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Tate & Lyle plc (LON:TATE) Will Pay A UK£0.129 Dividend In Three Days

Tate & Lyle plc (LON:TATE) stock is about to trade ex-dividend in 3 days. The ex-dividend date occurs one day before the record date which is the day on which shareholders need to be on the company's books in order to receive a dividend. The ex-dividend date is of consequence because whenever a stock is bought or sold, the trade takes at least two business day to settle. Thus, you can purchase Tate & Lyle's shares before the 20th of June in order to receive the dividend, which the company will pay on the 2nd of August.

The company's next dividend payment will be UK£0.129 per share, and in the last 12 months, the company paid a total of UK£0.19 per share. Calculating the last year's worth of payments shows that Tate & Lyle has a trailing yield of 2.8% on the current share price of UK£6.74. We love seeing companies pay a dividend, but it's also important to be sure that laying the golden eggs isn't going to kill our golden goose! That's why we should always check whether the dividend payments appear sustainable, and if the company is growing.

Check out our latest analysis for Tate & Lyle

Dividends are typically paid from company earnings. If a company pays more in dividends than it earned in profit, then the dividend could be unsustainable. That's why it's good to see Tate & Lyle paying out a modest 42% of its earnings. That said, even highly profitable companies sometimes might not generate enough cash to pay the dividend, which is why we should always check if the dividend is covered by cash flow. It paid out 78% of its free cash flow as dividends, which is within usual limits but will limit the company's ability to lift the dividend if there's no growth.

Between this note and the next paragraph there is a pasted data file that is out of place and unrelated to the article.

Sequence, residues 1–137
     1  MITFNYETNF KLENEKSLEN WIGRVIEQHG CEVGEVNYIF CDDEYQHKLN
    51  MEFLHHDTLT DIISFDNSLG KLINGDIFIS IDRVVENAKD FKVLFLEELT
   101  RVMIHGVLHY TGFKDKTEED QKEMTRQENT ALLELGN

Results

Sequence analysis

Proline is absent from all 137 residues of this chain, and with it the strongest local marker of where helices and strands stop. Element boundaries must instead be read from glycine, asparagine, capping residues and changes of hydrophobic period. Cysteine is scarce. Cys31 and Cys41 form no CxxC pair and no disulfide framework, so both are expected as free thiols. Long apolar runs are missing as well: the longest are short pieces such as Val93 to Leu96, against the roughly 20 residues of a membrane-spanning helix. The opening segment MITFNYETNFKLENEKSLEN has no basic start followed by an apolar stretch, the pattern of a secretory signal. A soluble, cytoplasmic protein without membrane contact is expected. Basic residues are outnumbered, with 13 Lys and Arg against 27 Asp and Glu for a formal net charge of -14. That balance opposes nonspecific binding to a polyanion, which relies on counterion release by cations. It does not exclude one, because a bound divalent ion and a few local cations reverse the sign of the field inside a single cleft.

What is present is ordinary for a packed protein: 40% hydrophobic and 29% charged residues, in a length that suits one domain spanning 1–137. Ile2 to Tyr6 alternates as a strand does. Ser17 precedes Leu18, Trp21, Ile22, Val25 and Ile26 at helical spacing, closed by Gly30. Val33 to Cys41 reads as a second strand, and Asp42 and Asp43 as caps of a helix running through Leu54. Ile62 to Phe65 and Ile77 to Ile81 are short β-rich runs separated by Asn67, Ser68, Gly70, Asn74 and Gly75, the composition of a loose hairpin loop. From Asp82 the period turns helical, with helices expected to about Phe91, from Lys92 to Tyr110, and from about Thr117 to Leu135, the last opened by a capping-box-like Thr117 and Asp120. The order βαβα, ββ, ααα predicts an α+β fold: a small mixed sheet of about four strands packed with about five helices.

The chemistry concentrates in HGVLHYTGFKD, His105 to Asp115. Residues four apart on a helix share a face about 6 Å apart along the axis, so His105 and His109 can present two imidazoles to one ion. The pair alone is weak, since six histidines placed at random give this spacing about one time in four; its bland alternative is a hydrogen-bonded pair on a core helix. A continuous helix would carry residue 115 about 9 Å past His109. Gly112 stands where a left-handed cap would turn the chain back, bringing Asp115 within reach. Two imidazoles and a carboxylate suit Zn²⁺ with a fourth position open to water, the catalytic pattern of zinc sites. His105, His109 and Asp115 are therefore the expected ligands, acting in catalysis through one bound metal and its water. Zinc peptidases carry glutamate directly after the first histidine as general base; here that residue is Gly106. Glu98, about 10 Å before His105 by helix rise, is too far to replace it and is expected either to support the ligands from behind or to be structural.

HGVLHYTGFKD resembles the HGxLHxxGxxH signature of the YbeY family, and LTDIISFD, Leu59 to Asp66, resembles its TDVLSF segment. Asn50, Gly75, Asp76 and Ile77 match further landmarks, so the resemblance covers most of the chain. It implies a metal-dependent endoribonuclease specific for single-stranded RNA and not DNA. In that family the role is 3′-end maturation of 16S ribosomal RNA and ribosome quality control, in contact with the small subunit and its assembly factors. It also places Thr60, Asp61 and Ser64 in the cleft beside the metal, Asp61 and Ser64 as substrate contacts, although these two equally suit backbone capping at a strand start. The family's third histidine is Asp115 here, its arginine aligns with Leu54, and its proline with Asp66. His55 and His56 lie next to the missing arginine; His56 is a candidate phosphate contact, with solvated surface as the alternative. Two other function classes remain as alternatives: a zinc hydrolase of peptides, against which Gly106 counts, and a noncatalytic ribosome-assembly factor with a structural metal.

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It's positive to see that Tate & Lyle's dividend is covered by both profits and cash flow, since this is generally a sign that the dividend is sustainable, and a lower payout ratio usually suggests a greater margin of safety before the dividend gets cut.

Click here to see the company's payout ratio, plus analyst estimates of its future dividends.

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historic-dividend

Have Earnings And Dividends Been Growing?

Companies that aren't growing their earnings can still be valuable, but it is even more important to assess the sustainability of the dividend if it looks like the company will struggle to grow. If earnings fall far enough, the company could be forced to cut its dividend. With that in mind, we're not enthused to see that Tate & Lyle's earnings per share have remained effectively flat over the past five years. We'd take that over an earnings decline any day, but in the long run, the best dividend stocks all grow their earnings per share.

Another key way to measure a company's dividend prospects is by measuring its historical rate of dividend growth. Tate & Lyle's dividend payments per share have declined at 4.6% per year on average over the past 10 years, which is uninspiring.

The Bottom Line

Has Tate & Lyle got what it takes to maintain its dividend payments? Its earnings per share are effectively flat in recent times. The company paid out less than half its income and more than half its cash flow as dividends to shareholders. In summary, while it has some positive characteristics, we're not inclined to race out and buy Tate & Lyle today.

However if you're still interested in Tate & Lyle as a potential investment, you should definitely consider some of the risks involved with Tate & Lyle. To help with this, we've discovered 1 warning sign for Tate & Lyle that you should be aware of before investing in their shares.

If you're in the market for strong dividend payers, we recommend checking our selection of top dividend stocks.

Have feedback on this article? Concerned about the content? Get in touch with us directly. Alternatively, email editorial-team (at) simplywallst.com.

This article by Simply Wall St is general in nature. We provide commentary based on historical data and analyst forecasts only using an unbiased methodology and our articles are not intended to be financial advice. It does not constitute a recommendation to buy or sell any stock, and does not take account of your objectives, or your financial situation. We aim to bring you long-term focused analysis driven by fundamental data. Note that our analysis may not factor in the latest price-sensitive company announcements or qualitative material. Simply Wall St has no position in any stocks mentioned.

Have feedback on this article? Concerned about the content? Get in touch with us directly. Alternatively, email editorial-team@simplywallst.com